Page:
GIGOT: All right, briefly, we have this executive order that was overturned but the ninth circuit. Now it's going to be reissued, we're told. What do they need to do to make it legal?

MUKASEY: That is, of course, up to the ninth circuit.

(LAUGHTER)

It would seem what they would need to do to make it legal is to carve out people who have visas and people who had green cards. But in point of fact, I believe the president has the authority to bar people from any particular place or several particular places, that he has the inherent authority based on his powers of Article II, and that he has explicit authority based on the statutes that Congress passed, giving him the right, if he believes it's in the national interest, to bar anybody from coming into the country, from a particular place or any class of people.

GIGOT: I agree with you. But the ninth circuit doesn't. They will have to narrow it in a way just to be able to get past it.

MUKASEY: Right. And hopefully, people who took down this notion that somehow it has a religious test basis for it, because that's ridiculous.

GIGOT: All right, thank you, Judge. Appreciate you being here.

When we come back, as the administration announces plans to step up its deportation efforts, is it a public safety necessity or law enforcement overkill. Our panel debates, next.

(BEGIN VIDEO CLIP)

TRUMP: We are getting the bad ones out. These are bad dudes. We are getting the bad ones out.

(END VIDEO CLIP)

(COMMERCIAL BREAK)

GIGOT: The Trump administration is stepping up its border enforcement efforts this week with Homeland Security Secretary John Kelly releasing a pair of memos fleshing out the administration's immigration authority.  Under the new guidelines, any undocumented immigrant who has committed even a misdemeanor could be subject to arrest, detention and removal from the United States. The memos also call for an additional 5,000 Border Patrol agents and 10,000 ICE agents to assist with removals. But during a visit to Mexico on Thursday, Kelly insisted that there will be no mass deportations.

(BEGIN VIDEO CLIP)

GEN. JOHN KELLY, HOMELAND SECURITY SECRETARY: Let me be very, very clear, there will be no, repeat, no mass deportations. Everything we do in DHS will be done legally and according to human rights in the legal justice system of the United States. The focus of deportations would be on the criminal element that have made it into the United States.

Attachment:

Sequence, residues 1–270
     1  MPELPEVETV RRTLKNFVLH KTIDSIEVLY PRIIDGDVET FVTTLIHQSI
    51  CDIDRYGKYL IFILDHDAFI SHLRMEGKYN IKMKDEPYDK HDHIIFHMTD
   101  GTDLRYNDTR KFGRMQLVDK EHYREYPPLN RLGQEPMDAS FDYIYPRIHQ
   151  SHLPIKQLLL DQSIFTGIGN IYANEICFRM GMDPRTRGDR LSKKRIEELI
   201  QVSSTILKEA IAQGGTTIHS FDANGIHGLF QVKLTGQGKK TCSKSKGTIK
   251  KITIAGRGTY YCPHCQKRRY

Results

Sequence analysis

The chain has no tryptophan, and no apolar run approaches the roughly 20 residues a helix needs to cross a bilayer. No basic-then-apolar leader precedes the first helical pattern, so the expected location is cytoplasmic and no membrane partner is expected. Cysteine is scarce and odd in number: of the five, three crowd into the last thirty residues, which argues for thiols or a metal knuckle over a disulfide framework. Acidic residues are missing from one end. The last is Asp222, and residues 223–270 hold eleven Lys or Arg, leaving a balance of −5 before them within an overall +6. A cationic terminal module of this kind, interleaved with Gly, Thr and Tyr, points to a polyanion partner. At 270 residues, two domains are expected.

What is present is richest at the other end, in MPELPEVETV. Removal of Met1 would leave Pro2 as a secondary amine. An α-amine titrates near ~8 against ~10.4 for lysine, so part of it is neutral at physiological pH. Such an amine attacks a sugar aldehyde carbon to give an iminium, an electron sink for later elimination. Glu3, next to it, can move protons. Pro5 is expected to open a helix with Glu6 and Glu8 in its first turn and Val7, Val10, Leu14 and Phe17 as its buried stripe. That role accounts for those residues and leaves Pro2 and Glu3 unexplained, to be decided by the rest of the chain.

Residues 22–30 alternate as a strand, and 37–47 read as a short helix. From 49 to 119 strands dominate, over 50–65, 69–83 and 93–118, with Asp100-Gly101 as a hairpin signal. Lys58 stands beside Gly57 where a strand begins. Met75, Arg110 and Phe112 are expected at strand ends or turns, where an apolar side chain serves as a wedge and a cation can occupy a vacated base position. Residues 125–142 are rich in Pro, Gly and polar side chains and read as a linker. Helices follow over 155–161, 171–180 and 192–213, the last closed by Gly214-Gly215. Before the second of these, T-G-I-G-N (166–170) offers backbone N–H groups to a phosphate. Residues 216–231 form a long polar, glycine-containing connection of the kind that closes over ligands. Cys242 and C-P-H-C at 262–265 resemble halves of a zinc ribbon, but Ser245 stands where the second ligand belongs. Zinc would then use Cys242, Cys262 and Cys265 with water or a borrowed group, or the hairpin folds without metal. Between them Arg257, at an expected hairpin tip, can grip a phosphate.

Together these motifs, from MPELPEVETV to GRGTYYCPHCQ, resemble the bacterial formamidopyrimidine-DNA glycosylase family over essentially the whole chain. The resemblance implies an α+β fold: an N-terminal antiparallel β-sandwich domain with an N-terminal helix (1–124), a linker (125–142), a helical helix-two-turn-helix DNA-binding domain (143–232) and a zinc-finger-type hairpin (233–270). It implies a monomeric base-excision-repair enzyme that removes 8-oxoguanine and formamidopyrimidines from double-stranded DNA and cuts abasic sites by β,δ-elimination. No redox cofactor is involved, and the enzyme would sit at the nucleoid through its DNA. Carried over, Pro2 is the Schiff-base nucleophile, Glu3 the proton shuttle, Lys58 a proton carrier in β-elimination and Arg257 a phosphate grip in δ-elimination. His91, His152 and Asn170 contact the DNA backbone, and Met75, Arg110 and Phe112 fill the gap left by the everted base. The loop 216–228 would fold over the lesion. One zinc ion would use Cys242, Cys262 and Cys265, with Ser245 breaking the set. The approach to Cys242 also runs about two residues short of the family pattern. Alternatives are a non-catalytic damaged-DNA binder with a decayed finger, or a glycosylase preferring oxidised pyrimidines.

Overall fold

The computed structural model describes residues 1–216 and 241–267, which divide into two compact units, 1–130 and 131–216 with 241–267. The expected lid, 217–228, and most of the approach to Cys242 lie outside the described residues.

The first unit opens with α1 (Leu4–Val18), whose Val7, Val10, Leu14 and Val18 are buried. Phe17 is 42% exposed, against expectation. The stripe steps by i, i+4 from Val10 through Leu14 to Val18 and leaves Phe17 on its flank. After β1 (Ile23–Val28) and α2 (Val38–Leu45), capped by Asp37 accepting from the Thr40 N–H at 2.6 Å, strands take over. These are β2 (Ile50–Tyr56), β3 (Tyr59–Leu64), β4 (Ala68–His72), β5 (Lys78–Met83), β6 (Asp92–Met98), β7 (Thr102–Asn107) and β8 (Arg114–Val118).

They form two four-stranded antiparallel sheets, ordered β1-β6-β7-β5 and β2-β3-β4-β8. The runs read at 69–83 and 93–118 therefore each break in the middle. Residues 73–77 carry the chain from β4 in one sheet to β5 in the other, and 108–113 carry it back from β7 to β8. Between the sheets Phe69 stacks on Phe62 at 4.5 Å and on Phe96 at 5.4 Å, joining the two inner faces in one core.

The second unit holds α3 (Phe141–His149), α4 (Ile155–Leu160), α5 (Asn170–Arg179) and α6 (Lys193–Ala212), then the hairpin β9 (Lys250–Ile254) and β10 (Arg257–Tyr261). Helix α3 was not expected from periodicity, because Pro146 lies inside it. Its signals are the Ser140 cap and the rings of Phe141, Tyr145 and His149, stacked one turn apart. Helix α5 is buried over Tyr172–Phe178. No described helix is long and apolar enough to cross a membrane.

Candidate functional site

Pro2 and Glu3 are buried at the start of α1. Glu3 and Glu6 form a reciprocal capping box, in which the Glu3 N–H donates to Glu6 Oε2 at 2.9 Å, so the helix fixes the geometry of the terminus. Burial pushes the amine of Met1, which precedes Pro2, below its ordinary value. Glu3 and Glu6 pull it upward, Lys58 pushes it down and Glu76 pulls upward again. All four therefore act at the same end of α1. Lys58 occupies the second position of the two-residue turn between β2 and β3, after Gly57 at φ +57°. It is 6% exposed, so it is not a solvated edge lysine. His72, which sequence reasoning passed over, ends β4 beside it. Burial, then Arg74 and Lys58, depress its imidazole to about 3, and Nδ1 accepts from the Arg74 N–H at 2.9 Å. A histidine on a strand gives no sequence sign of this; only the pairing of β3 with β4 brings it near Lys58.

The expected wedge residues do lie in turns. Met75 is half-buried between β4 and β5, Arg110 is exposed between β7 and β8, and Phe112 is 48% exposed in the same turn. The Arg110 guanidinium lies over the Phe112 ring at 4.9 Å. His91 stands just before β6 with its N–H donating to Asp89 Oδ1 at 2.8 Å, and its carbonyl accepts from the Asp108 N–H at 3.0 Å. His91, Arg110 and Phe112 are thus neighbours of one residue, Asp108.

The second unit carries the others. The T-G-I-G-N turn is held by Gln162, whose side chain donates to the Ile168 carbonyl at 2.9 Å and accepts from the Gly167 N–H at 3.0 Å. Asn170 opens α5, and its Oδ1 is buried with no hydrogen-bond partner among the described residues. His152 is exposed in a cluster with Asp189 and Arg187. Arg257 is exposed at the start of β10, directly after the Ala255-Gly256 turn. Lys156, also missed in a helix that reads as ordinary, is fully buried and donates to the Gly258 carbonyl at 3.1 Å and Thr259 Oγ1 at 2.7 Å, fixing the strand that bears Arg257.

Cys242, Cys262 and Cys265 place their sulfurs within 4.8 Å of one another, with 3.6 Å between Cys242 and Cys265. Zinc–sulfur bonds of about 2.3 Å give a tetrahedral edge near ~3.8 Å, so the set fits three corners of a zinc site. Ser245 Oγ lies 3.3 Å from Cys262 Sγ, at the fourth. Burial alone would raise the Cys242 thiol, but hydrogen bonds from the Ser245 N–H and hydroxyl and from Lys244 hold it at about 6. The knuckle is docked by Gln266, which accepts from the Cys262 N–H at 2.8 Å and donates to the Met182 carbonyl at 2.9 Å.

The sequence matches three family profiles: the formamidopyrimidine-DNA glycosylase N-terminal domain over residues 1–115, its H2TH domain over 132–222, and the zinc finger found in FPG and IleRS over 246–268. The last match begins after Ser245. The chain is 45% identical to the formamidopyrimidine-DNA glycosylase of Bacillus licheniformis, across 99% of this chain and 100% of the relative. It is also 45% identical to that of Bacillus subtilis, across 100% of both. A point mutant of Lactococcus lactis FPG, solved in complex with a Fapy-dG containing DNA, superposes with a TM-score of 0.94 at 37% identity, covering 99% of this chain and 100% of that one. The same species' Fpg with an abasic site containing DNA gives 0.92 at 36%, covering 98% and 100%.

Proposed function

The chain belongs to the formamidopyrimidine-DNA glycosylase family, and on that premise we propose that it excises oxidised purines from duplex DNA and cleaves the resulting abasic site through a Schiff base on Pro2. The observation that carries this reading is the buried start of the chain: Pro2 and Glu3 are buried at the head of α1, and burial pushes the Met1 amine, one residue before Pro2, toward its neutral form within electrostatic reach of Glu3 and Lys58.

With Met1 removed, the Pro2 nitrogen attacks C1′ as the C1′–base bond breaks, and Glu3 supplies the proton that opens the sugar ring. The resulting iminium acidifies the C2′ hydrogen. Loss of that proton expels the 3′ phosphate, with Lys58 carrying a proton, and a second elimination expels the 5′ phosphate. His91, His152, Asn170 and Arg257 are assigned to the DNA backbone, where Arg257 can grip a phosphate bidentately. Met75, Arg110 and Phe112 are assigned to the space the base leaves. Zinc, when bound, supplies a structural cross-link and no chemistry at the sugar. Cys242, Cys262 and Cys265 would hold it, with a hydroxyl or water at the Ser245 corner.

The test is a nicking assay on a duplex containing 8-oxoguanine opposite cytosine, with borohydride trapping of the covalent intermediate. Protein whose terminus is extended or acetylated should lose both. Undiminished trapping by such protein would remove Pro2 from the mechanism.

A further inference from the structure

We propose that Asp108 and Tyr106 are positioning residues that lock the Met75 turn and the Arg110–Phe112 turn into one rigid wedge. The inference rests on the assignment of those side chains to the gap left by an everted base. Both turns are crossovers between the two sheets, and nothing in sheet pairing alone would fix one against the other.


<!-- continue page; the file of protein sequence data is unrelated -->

(END VIDEO CLIP)

GIGOT: We are back with Dan Henninger, Kim Strassel, Joe Rago and Bill McGurn.

You heard the Homeland Security secretary say they're only focusing on criminals. But they redefined in this order criminals who are eligible for deportation --

MCGURN: Right --

GIGOT: -- to be anybody who has fake documents.

MCGURN: In principle, I find it hard to object to enforcing the law. I think that's really what has -

GIGOT: There's a lot of laws that aren't enforced to the full extent of the law.

MCGURN: There are. But I mean, it's the other thing they don't know. On the other hand, they say no mass deportations. On the other hand, there's an infrastructure being built and a legal infrastructure that makes -- I think it's like a lot of things with Donald Trump. We will have to see what he really means.

GIGOT: What about the political impact if they do decide that they will deport anybody who goes through a red light or for a speeding ticket or something.

MCGURN: Right.

GIGOT: That will be really disruptive and usually expensive.

MCGURN: Yeah. I think it will be tough. But there are a lot of bad people that are here doing bad things. And if he concentrates on that, the gang members or something, he'll be OK. But it's grandma working, I think it'll be --

(CROSSTALK)

GIGOT: I want to focus in one what the cost of this is, Joe, because it's having $4 billion a year just for the ICE agents and Border Patrol. That does not include the cost of extra judges for the deportation hearings, which the law requires that they have. And there is a backlog of 500,000 already for these. Then you have the wall. We're talking about tens of billions maybe.

RAGO: We're talking about a much larger government. If you look at the deportation hearings, for example, the average wait is something like 600 days to get your case resolved. It's a larger and more intrusive enforcement mechanism in government.

GIGOT: Kim, what about the politics of this? I guess it fulfills a campaign promise. Donald Trump's voter support this. But it's interesting he also didn't repeal the so-called Dreamers executive order by Obama, affecting those children who came to the United States as children brought by their parents. And is very interesting because I think that would've created a much bigger uproar.